In Parratt, the Supreme Court stated that nothing in the Fourteenth Amendment protects against all deprivations of life, liberty or property occasioned by the state. 451 U.S. at 537, 101 S. Ct. at 1914. Where a deprivation occurs as a result of an established state procedure, due process typically requires adequate predeprivation notice and an opportunity to be heard, since under such circumstances a state may predict when a deprivation will occur and is therefore able to institute procedural protections prior to any deprivation. Id. at 537-38, 101 S. Ct. at 1914 (citing Mullane v. Central Hanover Trust Co., 339 U.S. 306, 70 S. Ct. 652, 94 L. Ed. 865 (1950)). Where, however, the deprivation is not the result of an established state procedure, the state cannot always predict when the deprivation will occur. For example, random and unauthorized acts of state officials do not offer an opportunity for a predeprivation hearing. For that reason, the Court in Parratt held that procedural due process is satisfied so long as the state provides adequate post deprivation remedies. Id. at 543-44, 101 S. Ct. at 1917.
Three years later, the Court extended Parratt to include intentional deprivations of property. Hudson v. Palmer, 468 U.S. 517, 533, 104 S. Ct. 3194, 3204, 82 L. Ed. 2d 393 (1984). The facts of Hudson usefully coincide with the fact of this case. A prisoner alleged that a prison guard had conducted a shakedown search of his cell, brought false disciplinary charges against him, and intentionally destroyed his property solely to harass him. Id. at 520, 104 S. Ct. at 3197. The Court held that such conduct was not a violation of procedural due process because the state provided the prisoner with adequate state remedies. Id. at 537, 104 S. Ct. at 3205.
Hakemian's claim is similar in that he alleges that Koefoed's acts were intentional and done for the purpose of harassment. Hakemian, however, has failed to allege that he cannot pursue his claims against Koefoed under the Illinois tort system. A claim for malicious prosecution would appear to cover the improper investigation, and defamation seemingly covers the false statements. Nor has Hakemian suggested the remedies provided by the State of Illinois are inadequate. The Supreme Court has explicitly stated that, "although the state remedies may not provide [the plaintiff] with all the relief which may have been available if he could have proceeded under § 1983, that does not mean that the state remedies are not adequate to satisfy the requirements of due process." Parratt, 451 U.S. at 544, 101 S. Ct. at 1917. Therefore, Hakemian's allegations do not satisfy even the requirements of a procedural due process violation.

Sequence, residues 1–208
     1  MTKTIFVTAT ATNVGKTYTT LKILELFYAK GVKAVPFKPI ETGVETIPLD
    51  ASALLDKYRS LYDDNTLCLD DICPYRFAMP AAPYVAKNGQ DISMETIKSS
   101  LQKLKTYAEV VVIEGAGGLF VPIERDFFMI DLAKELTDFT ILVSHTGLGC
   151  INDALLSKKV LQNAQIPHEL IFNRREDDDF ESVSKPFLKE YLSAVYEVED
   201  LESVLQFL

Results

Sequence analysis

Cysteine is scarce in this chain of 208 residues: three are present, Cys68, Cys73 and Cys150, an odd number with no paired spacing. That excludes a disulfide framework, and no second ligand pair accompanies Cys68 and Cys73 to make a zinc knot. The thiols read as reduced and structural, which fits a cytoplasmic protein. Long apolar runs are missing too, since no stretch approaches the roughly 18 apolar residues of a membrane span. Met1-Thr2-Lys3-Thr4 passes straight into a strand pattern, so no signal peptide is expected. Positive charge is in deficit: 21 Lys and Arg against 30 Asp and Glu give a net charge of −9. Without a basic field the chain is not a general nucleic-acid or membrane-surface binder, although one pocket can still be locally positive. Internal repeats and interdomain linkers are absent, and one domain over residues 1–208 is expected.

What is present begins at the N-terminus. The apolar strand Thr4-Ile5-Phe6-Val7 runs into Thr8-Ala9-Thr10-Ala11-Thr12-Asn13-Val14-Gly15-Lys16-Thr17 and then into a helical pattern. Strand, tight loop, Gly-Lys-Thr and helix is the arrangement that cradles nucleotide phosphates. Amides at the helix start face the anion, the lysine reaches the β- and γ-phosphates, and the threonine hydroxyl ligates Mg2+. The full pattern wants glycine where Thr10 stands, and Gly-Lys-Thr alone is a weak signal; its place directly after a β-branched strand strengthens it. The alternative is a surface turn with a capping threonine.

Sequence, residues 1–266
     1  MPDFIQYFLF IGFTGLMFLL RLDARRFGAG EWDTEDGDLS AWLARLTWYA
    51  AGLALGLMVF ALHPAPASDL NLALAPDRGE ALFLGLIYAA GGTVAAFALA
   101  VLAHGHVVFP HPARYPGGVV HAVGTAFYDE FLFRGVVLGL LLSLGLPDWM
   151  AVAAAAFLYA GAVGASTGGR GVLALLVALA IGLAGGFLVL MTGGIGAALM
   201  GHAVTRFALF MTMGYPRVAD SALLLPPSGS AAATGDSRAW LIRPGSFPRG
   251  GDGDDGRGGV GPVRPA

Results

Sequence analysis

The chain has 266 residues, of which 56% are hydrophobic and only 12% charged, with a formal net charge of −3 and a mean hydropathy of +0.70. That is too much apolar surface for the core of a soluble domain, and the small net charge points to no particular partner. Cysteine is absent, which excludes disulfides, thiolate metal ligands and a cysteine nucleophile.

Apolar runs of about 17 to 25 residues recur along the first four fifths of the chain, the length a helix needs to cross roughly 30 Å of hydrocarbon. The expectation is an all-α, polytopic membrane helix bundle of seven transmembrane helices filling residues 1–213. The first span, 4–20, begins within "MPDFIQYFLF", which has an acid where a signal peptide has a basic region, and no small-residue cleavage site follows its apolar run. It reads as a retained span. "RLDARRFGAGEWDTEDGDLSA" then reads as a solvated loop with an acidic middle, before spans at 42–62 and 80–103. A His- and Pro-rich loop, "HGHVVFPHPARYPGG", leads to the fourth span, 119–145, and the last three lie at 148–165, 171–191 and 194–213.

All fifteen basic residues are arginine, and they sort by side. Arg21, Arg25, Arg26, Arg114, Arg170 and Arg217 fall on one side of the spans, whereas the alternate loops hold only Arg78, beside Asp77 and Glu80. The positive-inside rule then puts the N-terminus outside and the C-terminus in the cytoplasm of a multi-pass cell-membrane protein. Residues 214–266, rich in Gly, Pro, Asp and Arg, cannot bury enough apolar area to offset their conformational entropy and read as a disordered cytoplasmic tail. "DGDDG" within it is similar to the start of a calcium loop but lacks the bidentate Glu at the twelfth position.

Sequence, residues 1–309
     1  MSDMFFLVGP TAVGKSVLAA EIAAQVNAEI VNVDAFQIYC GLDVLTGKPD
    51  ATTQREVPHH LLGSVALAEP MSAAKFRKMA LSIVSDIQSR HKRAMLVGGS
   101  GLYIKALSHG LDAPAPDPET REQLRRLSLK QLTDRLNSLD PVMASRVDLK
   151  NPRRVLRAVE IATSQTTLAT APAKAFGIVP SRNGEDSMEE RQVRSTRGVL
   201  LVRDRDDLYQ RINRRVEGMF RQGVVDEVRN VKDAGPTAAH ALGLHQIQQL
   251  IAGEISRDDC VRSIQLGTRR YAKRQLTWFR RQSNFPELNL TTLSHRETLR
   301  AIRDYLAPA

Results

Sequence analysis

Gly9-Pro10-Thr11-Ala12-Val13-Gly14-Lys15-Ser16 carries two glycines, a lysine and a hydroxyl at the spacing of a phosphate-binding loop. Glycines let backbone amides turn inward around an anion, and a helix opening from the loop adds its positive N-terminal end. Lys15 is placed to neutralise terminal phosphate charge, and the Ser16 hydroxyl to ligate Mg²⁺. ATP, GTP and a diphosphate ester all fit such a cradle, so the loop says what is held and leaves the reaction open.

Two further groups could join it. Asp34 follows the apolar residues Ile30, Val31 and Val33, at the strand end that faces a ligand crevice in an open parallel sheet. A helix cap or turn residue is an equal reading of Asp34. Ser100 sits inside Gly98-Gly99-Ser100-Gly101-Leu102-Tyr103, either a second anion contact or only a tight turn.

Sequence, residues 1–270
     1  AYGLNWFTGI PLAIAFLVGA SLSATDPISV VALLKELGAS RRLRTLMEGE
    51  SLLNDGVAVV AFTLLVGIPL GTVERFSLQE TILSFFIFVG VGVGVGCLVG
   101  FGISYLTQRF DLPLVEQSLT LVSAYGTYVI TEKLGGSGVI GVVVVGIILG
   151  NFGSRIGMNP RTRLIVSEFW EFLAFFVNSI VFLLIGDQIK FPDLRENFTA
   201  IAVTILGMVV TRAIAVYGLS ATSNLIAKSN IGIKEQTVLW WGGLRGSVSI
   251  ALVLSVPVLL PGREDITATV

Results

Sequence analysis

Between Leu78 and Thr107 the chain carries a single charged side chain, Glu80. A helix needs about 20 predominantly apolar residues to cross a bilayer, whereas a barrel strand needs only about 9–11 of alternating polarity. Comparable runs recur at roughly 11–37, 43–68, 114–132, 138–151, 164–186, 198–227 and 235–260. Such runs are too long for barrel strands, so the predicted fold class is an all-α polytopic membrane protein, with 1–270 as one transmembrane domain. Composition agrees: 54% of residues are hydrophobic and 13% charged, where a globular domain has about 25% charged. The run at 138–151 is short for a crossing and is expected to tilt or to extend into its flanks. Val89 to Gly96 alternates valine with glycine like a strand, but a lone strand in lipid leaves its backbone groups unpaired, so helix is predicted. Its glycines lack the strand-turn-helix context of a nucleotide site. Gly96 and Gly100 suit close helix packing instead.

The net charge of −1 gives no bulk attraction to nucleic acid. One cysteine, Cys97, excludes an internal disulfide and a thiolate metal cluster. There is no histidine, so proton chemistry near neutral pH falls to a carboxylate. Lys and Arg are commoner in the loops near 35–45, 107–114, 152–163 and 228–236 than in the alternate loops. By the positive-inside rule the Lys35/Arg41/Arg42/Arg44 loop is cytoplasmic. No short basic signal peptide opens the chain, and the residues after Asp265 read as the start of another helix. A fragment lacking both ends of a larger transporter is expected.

B. Equal Protection (Count II)
Hakemian charges that Koefoed used his authority as an official of the State of Illinois in a discriminatory manner, and treated Hakemian differently than other substantially similarly situated parties in violation of his equal protection rights. Hakemian's equal protection claim fails because the equal protection clause is not violated simply because an individual is singled out for disparate treatment. In order to assert an equal protection claim, a plaintiff must allege that such treatment is based on his membership in a particular group. New Burnham Prairie Homes, 910 F.2d at 1481 (discrimination based on individual reasons will not suffice). The complaint contains nothing to suggest that Koefoed's behavior was based on Hakemian's membership in any identifiable group. To the contrary, plaintiff's whole theory is that Koefoed's activities were motivated by a "personal vendetta" and a plot to "bring Sam Hakemian down."
In response, Hakemian states that Koefoed "singled out plaintiff Hakemian to suffer an entirely personal vendetta" and that the defendant's actions were "motivated by a personal dislike of plaintiff." These are hardly the type of allegations necessary to sustain an equal protection claim. Accordingly, the defendant's motion to dismiss the equal protection count is granted.
For the reasons as set forth above, we grant Koefoed's motion to dismiss the complaint. It is so ordered.